Newswire (Published: Friday, October 4, 2019, Received: Friday, October 4, 2019, 4:11:28 PM CDT)
Word Count: 664
2019 OCT 04 (NewsRx) -- By a
The study revealed a variety of misconceptions surrounding prostate health and, in particular, enlarged prostates (also known as benign prostate enlargement (BPE) or hyperplasia (BPH)) with just 38 percent of respondents able to correctly identify the disorder. A healthy prostate is about the size of a walnut and its main function is to produce prostatic fluid to carry the sperm. Whilst it does grow slowly as men grow older, only one in 6 (17%) respondents correctly stated that the symptoms relating to an enlarge prostate are not a “normal” sign of ageing.
Commenting on these findings, urologist Professor
The cause of an enlarged prostate is unknown, but it is believed to be linked to hormonal changes as men age. Common indicators of the condition include the sudden urge to urinate, a straining or painful sensation when urinating, feeling that the bladder is not completely empty, and getting up more than once at night to urinate. Nearly 50 percent of men (aged 50-60) don’t recognise these symptoms. The symptoms are often mild, but the severity can impair quality of life and research suggests that men with moderate or severe symptoms have an increased risk of serious heart conditions, such as stroke and cardiac death.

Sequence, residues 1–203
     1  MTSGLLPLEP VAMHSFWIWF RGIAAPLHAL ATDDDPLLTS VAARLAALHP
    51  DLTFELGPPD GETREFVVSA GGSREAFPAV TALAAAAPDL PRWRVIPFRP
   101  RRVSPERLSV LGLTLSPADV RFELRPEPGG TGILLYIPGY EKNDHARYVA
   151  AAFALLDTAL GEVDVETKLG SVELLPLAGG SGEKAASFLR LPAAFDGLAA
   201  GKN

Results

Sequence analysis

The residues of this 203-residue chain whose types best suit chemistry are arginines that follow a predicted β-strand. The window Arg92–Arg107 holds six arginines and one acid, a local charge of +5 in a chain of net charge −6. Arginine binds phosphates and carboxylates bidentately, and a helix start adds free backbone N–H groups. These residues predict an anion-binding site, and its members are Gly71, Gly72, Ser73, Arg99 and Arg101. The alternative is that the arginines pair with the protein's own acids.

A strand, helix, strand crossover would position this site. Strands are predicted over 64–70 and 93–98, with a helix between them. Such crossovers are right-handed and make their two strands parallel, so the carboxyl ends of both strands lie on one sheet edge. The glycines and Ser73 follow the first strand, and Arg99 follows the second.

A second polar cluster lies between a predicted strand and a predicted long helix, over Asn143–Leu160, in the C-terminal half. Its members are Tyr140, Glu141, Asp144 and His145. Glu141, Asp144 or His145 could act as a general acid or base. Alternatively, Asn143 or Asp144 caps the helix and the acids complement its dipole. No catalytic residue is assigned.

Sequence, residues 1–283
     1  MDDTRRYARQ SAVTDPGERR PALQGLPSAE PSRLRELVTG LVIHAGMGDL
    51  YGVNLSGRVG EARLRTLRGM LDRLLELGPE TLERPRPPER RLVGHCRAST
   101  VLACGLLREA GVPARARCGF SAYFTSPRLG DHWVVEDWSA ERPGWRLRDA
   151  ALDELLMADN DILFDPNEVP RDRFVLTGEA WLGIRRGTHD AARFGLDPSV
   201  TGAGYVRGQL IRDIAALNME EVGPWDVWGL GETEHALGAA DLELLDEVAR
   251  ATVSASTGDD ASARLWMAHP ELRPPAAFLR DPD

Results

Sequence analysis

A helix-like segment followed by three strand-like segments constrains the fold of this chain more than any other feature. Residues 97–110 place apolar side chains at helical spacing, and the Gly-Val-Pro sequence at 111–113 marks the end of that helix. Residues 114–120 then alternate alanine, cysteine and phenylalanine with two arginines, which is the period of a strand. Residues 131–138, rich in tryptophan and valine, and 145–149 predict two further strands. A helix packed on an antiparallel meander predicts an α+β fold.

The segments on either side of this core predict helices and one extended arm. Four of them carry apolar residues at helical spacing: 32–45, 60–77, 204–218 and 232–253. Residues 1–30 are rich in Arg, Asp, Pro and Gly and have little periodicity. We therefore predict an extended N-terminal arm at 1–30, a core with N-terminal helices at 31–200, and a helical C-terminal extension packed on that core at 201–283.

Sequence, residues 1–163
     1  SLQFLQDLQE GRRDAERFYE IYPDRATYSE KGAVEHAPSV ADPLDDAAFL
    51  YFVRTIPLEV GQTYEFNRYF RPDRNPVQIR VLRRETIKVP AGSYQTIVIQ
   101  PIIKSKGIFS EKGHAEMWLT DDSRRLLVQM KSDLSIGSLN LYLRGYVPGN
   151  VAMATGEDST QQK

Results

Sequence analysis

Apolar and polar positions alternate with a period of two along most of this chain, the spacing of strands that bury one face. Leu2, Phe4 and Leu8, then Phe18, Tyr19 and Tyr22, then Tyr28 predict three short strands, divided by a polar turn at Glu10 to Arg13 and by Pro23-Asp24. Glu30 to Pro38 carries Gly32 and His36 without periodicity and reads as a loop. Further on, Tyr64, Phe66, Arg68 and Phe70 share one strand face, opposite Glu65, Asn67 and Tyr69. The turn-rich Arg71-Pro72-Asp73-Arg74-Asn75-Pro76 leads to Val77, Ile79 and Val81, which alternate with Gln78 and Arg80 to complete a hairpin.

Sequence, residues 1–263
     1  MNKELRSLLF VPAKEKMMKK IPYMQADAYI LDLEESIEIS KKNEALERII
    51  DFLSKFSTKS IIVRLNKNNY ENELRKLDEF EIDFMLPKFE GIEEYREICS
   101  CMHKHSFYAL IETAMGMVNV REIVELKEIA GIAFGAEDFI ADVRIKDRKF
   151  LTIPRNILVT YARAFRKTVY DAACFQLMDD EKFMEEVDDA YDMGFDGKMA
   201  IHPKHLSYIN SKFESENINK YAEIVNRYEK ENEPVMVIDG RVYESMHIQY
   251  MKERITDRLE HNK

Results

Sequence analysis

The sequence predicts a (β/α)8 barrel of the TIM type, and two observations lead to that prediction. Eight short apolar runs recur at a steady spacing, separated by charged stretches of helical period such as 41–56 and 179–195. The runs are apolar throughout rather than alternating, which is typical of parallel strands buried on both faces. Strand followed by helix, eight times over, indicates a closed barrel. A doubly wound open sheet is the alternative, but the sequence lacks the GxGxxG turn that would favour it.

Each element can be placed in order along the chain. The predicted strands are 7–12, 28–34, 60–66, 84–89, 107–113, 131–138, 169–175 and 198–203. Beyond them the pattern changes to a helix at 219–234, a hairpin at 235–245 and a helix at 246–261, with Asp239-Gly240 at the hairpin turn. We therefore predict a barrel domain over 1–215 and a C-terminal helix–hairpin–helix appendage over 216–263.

Enlarged prostate symptoms rarely discussed with partners or family members. When asked who they would speak to if they experienced any issues related to urinating, most respondents (61%) stated that they would visit their GP for further information. Interestingly, this question posed strong regional differences from
Only 13 percent of men said they would discuss symptoms with their partner or family to receive more information.
There are multiple treatment options for an enlarged prostate, which include medical treatment, surgery through the urethra or lower abdomen, laser therapy, water vapour therapy, a change in diet or injections. Half of the survey respondents preferred having the option of different treatments, with38 percent favouring that their doctor recommended one treatment option (12% had no preference).
Younger respondents (aged 50-55) and those from
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